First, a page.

Of oil painting at bamyan in afghanistan predating european oil Girls no for sex msg
Until the 11th century, Bamiyan was part of the kingdom of Gandhara.
It was the site of several Buddhist monasteries, and a thriving center for religion, philosophy, and Indian art.
They are believed to have been built by the Kushans, with the guidance of local Buddhist monks, at the heyday of their empire.
The larger figure was also said to portray Dīpankara Buddha.
Plans for the construction of the Spring Temple Buddha were announced soon after the blowing up of the Bamiyan Buddhas and China condemned the systematic destruction of the Buddhist heritage of Afghanistan.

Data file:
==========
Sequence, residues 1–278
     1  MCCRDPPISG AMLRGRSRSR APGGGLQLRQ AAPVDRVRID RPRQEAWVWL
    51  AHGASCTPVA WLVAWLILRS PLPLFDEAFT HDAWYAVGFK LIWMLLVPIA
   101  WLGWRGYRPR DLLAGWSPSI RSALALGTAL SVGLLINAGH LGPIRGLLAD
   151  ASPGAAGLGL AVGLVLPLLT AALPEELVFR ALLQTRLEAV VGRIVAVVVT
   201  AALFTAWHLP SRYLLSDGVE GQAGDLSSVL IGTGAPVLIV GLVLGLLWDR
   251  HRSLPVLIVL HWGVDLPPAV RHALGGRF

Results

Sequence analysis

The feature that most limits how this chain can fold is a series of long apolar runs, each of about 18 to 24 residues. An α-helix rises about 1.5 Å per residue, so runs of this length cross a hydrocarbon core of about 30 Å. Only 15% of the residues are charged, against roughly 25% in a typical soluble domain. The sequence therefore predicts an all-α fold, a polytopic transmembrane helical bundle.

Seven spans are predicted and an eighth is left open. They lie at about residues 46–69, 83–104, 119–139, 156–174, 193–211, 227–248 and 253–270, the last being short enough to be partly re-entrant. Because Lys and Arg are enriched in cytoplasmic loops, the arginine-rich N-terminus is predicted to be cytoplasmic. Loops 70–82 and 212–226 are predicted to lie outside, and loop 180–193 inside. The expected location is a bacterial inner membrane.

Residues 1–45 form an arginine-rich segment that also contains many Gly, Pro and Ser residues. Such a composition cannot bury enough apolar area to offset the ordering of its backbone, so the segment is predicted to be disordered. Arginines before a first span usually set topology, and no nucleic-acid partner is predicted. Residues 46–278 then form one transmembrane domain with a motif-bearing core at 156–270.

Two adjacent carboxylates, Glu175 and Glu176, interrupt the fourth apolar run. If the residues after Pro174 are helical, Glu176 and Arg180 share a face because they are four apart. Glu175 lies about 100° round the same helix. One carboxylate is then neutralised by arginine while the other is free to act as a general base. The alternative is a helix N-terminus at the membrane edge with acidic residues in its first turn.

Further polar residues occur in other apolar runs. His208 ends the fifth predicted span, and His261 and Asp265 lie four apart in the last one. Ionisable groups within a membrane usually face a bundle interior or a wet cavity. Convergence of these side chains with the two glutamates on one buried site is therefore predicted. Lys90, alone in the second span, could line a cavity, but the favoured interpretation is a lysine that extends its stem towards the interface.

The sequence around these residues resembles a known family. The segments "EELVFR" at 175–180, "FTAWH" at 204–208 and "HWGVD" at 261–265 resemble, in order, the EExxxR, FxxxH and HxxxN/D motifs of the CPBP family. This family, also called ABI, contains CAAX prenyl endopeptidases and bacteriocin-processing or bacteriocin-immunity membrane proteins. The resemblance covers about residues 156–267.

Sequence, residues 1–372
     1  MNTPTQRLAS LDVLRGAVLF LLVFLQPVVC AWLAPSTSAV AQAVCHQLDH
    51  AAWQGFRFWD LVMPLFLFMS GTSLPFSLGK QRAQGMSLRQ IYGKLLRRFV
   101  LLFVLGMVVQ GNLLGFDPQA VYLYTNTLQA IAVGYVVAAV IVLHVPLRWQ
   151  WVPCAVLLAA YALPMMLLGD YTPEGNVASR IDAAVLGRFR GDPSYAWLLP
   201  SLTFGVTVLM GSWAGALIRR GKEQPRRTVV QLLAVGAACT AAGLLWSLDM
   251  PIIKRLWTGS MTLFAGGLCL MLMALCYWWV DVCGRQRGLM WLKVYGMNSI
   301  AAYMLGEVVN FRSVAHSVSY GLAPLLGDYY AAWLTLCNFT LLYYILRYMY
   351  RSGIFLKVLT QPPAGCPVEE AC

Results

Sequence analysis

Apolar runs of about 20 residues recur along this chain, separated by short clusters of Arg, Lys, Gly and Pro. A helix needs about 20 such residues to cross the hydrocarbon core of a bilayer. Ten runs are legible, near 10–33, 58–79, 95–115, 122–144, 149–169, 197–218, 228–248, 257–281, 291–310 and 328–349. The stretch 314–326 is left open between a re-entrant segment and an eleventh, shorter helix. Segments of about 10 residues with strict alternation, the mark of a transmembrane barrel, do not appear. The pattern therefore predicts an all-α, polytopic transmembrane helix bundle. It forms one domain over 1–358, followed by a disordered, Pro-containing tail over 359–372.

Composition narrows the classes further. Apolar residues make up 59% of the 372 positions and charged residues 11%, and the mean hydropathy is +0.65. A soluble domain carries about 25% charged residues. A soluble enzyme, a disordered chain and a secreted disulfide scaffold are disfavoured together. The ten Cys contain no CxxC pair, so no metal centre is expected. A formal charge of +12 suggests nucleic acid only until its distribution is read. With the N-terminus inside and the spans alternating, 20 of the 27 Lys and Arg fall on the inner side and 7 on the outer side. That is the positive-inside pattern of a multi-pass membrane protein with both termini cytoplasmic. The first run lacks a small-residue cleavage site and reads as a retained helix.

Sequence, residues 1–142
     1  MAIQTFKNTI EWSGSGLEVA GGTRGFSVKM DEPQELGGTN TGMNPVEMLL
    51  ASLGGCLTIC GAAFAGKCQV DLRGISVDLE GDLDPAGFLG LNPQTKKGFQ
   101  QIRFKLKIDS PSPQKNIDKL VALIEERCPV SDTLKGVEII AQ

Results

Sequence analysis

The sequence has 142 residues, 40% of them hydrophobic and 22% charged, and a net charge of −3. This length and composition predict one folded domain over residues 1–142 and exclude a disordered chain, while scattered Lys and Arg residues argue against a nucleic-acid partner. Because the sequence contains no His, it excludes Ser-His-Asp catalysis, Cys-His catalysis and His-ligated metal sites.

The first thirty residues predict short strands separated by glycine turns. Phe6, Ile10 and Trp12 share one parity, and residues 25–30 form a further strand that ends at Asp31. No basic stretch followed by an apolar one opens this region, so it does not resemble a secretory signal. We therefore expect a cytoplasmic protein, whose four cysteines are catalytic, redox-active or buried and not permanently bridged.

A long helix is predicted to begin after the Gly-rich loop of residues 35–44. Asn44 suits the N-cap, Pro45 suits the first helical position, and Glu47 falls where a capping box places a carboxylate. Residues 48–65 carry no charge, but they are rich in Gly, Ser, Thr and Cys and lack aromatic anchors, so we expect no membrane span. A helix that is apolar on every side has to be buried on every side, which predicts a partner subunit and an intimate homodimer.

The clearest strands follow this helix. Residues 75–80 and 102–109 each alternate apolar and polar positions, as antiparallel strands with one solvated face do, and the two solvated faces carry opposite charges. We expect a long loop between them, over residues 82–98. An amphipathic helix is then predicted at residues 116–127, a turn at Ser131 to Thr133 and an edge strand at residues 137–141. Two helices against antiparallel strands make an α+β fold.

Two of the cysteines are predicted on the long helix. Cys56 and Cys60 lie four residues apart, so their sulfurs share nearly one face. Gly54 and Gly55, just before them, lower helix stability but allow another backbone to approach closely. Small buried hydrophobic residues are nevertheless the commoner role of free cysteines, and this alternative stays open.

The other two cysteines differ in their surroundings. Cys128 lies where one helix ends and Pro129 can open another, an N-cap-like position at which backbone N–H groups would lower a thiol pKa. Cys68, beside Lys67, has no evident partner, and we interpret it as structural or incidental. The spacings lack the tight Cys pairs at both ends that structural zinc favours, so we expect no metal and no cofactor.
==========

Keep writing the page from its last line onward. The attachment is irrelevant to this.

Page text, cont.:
The smaller of the statues was built between 544 and 595, the larger was built between 591 and 644.
They were intentionally dynamited and destroyed in March 2001 by the Taliban, on orders from leader Mullah Mohammed Omar, after the Taliban government declared that they were "idols".
They were perhaps the most famous cultural landmarks of the region, and the site was listed by UNESCO as a World Heritage Site along with the surrounding cultural landscape and archaeological remains of the Bamiyan Valley.
The Chinese Buddhist pilgrim Xuanzang passed through the area around 630, and described Bamiyan in the Da Tang Xiyu Ji as a flourishing Buddhist center "with more than ten monasteries and more than a thousand monks".
It was a Buddhist religious site from the 2nd century up to the time of the Islamic invasion in the 9th century.
Monks at the monasteries lived as hermits in small caves carved into the side of the Bamiyan cliffs.